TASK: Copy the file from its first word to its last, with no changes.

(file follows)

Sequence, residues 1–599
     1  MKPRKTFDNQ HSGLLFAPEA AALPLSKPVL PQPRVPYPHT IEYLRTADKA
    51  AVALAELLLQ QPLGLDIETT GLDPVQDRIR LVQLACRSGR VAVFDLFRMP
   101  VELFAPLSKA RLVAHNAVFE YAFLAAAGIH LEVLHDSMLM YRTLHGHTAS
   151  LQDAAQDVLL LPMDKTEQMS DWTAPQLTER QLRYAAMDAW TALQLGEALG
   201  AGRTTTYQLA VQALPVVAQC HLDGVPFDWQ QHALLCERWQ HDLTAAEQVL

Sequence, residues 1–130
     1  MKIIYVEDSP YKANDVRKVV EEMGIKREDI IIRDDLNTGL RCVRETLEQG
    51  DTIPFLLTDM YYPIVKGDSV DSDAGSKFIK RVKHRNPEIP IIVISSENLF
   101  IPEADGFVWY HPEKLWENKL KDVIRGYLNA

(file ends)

Sequence, residues 1–599
     1  MKPRKTFDNQ HSGLLFAPEA AALPLSKPVL PQPRVPYPHT IEYLRTADKA
    51  AVALAELLLQ QPLGLDIETT GLDPVQDRIR LVQLACRSGR VAVFDLFRMP
   101  VELFAPLSKA RLVAHNAVFE YAFLAAAGIH LEVLHDSMLM YRTLHGHTAS
   151  LQDAAQDVLL LPMDKTEQMS DWTAPQLTER QLRYAAMDAW TALQLGEALG
   201  AGRTTTYQLA VQALPVVAQC HLDGVPFDWQ QHALLCERWQ HDLTAAEQVL

Sequence, residues 1–130
     1  MKIIYVEDSP YKANDVRKVV EEMGIKREDI IIRDDLNTGL RCVRETLEQG
    51  DTIPFLLTDM YYPIVKGDSV DSDAGSKFIK RVKHRNPEIP IIVISSENLF
   101  IPEADGFVWY HPEKLWENKL KDVIRGYLNA